myonecrosis can present in a myriad of ways depending on the infected tissue site. Patients may present with chest pain, severe arm pain and non-specific symptoms of malaise and nausea.11–13
Non-traumatic gas gangrene is usually associated with gastrointestinal, intra-abdominal and haematological malignancies.14
There have been only two previous cases occurring in patients with lung cancer, one patient with non-small cell lung cancer following combined modality therapy5
and a second patient with small cell lung cancer receiving etoposide chemotherapy.4
There are no published reports of gemcitabine and carboplatin associated with C septicum
infection. Although our patient was not neutropenic, the chemotherapy may have altered functionality of immune cells, contributing to C septicum
’s access to the bloodstream. C septicum
is unique in respect to other clostridial group members. It is relatively aerotolerant, allowing multiplication in healthy muscle tissue, unlike Clostridium perfringens
which requires tissue devoid of oxygen.15
This is almost certainly why C septicum
is overwhelmingly found in non-traumatic scenarios.16
Unlike C perfringens
which is a gut commensal, in humans C septicum
is an opportunistic infection suggesting the need for relative immunosuppresion as a prerequisite for its presence.12
Fulminant myonecrosis induced by C Septicum
relies on the production of a haemolytic, necrotising α-toxin which inhibits neutrophil recruitment to the infected region. This is reflected in histological tissue samples which are shown to be deficient in number and functionality of neutrophils.17
α-Toxin contributes to septic shock by increasing capillary permeability.18
Treatment has to consider the patient's premorbid condition. The mainstays remain surgical debridement with broad spectrum intravenous antibiotics. There is little evidence to support the use of hyperbaric oxygen therapy. Its role is probably limited in C Septicum
infection as the organism is not fully dependent on an anaerobic environment.19
However, in theory it could help prevent further bacterial spread through the muscle and allow smaller resection margins.1 20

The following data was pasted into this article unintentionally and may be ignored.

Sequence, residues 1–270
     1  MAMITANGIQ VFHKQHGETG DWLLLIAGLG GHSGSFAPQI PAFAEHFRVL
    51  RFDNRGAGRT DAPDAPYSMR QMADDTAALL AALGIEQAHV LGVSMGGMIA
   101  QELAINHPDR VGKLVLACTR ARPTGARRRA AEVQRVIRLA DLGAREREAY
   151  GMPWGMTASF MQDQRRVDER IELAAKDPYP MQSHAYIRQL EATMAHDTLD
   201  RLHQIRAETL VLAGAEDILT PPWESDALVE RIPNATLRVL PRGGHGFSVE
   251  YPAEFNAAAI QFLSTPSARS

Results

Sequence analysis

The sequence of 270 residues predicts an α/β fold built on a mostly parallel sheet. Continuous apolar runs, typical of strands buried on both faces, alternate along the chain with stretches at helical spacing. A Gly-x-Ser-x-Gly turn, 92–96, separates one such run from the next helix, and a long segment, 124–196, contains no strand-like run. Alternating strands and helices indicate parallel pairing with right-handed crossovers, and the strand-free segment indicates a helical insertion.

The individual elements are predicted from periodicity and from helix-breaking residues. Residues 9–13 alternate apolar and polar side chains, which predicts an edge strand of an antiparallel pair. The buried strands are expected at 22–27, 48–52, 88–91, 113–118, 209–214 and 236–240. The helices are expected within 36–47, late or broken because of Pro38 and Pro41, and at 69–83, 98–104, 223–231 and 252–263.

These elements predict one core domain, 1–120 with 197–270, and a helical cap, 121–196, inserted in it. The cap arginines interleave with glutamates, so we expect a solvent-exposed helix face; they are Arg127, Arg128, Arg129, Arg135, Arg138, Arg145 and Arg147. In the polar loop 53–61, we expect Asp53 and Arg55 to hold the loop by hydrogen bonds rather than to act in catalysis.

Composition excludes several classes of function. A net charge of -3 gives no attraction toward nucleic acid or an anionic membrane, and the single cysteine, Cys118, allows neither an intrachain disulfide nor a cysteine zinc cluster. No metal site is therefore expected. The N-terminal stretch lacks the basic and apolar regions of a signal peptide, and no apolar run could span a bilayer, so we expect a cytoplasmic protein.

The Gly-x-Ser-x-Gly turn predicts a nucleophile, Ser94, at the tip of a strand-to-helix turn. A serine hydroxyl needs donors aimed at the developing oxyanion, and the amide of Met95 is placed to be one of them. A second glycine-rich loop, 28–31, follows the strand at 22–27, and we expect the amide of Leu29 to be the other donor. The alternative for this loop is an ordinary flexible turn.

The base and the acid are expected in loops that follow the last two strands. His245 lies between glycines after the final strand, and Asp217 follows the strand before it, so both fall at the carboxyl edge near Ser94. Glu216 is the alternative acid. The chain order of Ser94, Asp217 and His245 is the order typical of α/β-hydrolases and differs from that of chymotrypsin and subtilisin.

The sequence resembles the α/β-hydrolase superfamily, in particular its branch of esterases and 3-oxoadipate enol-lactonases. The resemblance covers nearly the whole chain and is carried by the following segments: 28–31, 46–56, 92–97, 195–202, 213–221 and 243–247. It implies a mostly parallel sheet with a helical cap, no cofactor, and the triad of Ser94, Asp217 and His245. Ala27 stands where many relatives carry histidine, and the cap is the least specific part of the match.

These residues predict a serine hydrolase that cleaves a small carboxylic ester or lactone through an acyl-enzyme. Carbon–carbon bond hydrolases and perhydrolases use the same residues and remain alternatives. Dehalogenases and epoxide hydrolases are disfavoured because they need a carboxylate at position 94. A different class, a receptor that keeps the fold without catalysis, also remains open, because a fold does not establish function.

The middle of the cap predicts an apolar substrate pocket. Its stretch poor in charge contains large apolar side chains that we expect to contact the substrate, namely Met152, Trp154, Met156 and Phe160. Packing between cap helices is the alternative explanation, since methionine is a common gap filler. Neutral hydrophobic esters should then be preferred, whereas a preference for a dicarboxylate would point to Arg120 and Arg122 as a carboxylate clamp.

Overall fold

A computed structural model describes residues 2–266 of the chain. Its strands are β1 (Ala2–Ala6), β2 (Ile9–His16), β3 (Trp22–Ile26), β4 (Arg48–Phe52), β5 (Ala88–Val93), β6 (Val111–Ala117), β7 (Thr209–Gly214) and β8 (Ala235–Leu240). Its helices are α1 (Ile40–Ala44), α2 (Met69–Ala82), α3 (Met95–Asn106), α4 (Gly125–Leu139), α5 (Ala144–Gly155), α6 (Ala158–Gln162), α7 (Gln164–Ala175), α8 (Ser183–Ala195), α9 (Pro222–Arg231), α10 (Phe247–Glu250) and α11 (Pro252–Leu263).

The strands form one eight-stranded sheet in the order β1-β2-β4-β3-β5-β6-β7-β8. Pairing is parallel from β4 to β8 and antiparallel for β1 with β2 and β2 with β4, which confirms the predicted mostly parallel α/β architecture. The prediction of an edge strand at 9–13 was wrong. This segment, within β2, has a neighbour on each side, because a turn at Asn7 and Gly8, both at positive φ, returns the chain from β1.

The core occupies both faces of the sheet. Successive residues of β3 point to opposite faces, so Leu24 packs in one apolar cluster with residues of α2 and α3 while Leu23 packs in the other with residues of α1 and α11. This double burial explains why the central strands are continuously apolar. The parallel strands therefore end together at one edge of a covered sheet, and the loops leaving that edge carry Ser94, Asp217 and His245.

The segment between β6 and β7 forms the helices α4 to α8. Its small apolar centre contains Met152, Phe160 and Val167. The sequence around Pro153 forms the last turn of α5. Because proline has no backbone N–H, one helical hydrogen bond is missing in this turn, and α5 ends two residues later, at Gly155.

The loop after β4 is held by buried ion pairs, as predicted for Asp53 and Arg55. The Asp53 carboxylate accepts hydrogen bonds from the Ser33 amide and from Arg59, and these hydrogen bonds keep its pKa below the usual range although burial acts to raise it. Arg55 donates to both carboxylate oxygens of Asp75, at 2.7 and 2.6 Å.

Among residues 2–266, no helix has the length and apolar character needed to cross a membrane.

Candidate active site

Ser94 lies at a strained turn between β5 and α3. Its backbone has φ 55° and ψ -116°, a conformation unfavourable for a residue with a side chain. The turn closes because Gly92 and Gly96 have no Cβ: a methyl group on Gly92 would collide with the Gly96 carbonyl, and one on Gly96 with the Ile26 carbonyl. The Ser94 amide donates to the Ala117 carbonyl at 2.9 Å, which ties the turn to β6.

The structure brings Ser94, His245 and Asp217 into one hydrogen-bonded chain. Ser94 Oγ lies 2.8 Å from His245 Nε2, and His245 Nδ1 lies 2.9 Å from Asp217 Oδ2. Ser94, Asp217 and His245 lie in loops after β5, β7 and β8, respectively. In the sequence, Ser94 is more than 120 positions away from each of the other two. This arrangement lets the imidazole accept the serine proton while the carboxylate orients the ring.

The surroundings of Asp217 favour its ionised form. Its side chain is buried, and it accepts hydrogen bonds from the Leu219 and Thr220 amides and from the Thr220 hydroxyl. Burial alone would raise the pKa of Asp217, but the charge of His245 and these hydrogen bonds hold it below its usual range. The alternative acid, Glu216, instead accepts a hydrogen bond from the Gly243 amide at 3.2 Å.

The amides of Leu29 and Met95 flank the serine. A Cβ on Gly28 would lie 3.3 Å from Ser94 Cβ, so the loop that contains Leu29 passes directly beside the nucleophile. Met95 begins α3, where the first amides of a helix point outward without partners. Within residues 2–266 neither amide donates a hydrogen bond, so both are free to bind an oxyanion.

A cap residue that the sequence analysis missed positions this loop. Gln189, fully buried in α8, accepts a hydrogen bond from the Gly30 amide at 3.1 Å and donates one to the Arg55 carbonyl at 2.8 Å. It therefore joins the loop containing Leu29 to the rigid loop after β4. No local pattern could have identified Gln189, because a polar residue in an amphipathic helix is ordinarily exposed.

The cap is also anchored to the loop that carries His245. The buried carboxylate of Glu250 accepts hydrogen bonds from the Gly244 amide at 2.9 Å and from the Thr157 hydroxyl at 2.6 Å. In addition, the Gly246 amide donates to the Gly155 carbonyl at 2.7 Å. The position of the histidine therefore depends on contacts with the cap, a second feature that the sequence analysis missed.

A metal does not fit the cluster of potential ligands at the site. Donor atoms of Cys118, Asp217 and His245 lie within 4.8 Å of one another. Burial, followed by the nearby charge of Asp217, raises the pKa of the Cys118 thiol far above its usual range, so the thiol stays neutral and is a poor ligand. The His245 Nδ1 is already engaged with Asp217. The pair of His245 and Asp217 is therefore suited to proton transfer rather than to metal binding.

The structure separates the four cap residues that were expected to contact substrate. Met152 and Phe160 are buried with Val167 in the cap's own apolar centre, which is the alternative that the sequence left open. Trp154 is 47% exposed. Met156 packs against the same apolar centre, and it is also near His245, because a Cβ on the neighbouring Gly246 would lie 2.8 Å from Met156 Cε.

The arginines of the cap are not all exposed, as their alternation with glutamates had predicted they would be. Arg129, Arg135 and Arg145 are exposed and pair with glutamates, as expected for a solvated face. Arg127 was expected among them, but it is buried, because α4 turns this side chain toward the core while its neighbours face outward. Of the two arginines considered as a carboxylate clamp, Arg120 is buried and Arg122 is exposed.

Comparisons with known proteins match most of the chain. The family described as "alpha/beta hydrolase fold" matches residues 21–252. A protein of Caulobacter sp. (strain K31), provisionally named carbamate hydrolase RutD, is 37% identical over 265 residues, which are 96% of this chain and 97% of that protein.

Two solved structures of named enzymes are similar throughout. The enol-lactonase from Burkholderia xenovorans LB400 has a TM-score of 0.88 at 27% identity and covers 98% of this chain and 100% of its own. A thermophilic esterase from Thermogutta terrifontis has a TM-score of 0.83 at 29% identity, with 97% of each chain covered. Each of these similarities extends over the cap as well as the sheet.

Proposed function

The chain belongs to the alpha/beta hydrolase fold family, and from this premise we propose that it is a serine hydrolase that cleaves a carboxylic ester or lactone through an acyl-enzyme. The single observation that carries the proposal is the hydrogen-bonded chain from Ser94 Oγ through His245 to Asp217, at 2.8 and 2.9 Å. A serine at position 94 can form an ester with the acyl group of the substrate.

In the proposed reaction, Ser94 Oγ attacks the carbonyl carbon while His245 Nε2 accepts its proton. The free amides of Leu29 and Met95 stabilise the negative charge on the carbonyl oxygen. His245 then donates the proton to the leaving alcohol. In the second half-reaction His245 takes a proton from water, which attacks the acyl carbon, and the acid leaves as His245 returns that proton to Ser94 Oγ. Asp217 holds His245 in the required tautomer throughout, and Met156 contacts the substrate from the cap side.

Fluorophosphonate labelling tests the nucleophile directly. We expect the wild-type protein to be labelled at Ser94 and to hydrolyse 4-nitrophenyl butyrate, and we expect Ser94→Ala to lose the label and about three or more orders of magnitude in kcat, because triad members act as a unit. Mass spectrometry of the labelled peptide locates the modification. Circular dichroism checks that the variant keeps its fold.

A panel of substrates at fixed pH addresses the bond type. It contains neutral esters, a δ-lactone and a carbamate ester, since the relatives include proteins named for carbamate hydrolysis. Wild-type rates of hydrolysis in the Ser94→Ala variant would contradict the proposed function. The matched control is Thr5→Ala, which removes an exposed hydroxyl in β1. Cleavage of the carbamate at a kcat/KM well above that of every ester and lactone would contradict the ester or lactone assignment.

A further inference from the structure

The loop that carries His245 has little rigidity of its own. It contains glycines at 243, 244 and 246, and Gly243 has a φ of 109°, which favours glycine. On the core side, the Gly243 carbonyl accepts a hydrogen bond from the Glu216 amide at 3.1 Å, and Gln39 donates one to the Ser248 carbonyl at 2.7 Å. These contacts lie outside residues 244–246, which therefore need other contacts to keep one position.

In many cases related to malignancy, major surgery may not be appropriate and therefore a palliative approach, focusing on pain control should be initiated as soon as the diagnosis is made. Both primary and secondary care physicians need to be aware of non-traumatic gas gangrene despite its rarity. Our case illustrates that potentially all cancer patients are susceptible to opportunistic infections such as C Septicum
. This diagnosis should be considered in patients with known malignancy and inexplicable pain and palpation for crepitus is vital. More rapid diagnosis may allow more aggressive surgical management or rapid institution of good symptom control in the last hours of life.
- Malignancy of all types potentially renders patients susceptible to opportunistic infections such as Clostridium septicum.
- Non-traumatic gas gangrene should be considered in patients with known malignancy with unexplainable pain symptoms in both primary and secondary care settings.
- More rapid diagnosis may improve survival or at least allow faster initiation of palliative care in the last hours of life
- When examining the patient it is important to consider palpating for crepitus in the area of severe pain.
- Survivors of non-traumatic gas gangrene should undergo investigation of the gastrointestinal tract to exclude an underlying gastrointestinal malignancy if a malignancy is not already known.